Kiev's counter-offensive is making things increasingly difficult for Russia at the front. With a partial mobilization, Putin wants to demonstrate new strength in southern and eastern Ukraine. China, one of Russia's most important trading partners, is cautiously keeping its distance.
After the partial mobilization of Russian reservists announced by Kremlin chief Vladimir Putin, China called for negotiations on a ceasefire in Ukraine. "We call on all relevant parties to reach a ceasefire through dialogue and consultations," Chinese Foreign Ministry spokesman Wang Wenbin said in Beijing. A solution must be found as quickly as possible "that takes into account the legitimate security concerns of all parties".
In addition, "referendums" are to be held in several Ukrainian regions about union with Russia. "We support the decision made by the majority of citizens in the Luhansk and Donetsk People's Republics, in the Kherson and Zaporizhia Oblasts," Putin said.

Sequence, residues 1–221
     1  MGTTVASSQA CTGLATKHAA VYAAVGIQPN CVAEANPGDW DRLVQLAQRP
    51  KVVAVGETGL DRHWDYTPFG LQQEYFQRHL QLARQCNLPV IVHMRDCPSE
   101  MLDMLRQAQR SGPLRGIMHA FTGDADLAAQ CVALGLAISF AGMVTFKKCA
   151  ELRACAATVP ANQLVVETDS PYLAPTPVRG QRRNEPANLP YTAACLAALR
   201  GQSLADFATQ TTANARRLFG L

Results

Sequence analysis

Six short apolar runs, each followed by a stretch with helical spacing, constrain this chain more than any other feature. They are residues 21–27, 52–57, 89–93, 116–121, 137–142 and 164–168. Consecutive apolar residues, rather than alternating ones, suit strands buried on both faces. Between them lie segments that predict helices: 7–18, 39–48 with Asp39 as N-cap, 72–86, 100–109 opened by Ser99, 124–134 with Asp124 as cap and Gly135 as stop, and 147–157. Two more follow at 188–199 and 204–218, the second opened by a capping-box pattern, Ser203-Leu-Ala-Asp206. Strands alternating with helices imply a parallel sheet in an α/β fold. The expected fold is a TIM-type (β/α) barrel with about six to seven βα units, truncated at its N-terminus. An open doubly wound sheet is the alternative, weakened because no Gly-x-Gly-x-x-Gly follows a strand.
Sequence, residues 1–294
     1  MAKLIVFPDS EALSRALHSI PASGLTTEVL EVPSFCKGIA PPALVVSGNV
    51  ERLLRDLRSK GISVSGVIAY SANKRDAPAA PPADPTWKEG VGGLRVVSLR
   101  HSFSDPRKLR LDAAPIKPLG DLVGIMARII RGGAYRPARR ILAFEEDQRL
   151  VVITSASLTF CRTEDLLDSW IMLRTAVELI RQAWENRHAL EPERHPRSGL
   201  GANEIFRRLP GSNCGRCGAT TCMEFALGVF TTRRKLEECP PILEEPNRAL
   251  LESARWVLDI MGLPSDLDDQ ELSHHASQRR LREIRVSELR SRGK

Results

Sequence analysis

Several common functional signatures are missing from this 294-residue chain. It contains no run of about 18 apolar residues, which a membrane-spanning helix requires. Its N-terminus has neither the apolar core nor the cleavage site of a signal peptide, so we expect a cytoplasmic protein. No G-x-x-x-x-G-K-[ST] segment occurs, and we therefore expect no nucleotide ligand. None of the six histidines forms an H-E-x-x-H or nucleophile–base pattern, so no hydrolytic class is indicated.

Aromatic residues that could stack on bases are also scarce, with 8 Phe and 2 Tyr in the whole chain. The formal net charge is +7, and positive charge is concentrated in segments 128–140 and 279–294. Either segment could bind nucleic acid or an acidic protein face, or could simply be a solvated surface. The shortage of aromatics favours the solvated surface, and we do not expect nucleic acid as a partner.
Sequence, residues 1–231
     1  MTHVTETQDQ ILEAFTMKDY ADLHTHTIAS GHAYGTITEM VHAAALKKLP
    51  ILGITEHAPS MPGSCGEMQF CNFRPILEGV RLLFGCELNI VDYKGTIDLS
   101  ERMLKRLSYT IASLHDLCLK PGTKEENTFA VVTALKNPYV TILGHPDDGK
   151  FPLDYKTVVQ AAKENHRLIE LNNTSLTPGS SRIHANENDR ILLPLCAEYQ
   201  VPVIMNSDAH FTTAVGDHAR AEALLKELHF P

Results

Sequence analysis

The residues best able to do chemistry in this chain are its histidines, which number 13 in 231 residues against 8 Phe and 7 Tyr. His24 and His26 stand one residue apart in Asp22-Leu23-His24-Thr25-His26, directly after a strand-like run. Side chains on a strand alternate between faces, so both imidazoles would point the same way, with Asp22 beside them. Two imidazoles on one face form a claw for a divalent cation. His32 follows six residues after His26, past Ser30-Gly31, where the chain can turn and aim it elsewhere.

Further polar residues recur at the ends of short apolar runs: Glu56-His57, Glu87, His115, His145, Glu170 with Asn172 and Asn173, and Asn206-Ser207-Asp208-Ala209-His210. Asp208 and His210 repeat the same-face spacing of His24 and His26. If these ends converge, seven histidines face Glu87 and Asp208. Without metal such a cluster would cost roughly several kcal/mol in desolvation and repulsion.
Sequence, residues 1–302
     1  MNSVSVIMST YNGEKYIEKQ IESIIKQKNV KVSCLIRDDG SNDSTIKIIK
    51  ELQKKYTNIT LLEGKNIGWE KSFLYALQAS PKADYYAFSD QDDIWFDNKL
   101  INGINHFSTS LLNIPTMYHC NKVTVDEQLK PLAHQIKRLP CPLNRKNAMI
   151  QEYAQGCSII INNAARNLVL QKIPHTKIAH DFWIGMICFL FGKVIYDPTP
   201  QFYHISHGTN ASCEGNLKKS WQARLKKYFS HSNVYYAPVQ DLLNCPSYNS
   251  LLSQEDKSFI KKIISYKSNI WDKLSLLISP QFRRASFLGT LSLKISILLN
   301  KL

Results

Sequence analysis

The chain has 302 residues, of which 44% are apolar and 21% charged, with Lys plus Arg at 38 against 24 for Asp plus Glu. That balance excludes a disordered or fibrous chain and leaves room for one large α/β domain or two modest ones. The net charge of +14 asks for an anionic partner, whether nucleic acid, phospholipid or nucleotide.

China has always stood up for "the sovereign and territorial integrity of all countries" and for compliance with the UN Charter, said Foreign Ministry spokesman Wang. His country is ready to play a "constructive role in de-escalating the situation" together with the international community. So far, relations between Russia and China have not been affected by the Russian war of aggression in Ukraine. Moscow is currently trying to expand its gas supplies to China even more in the wake of the Ukraine crisis.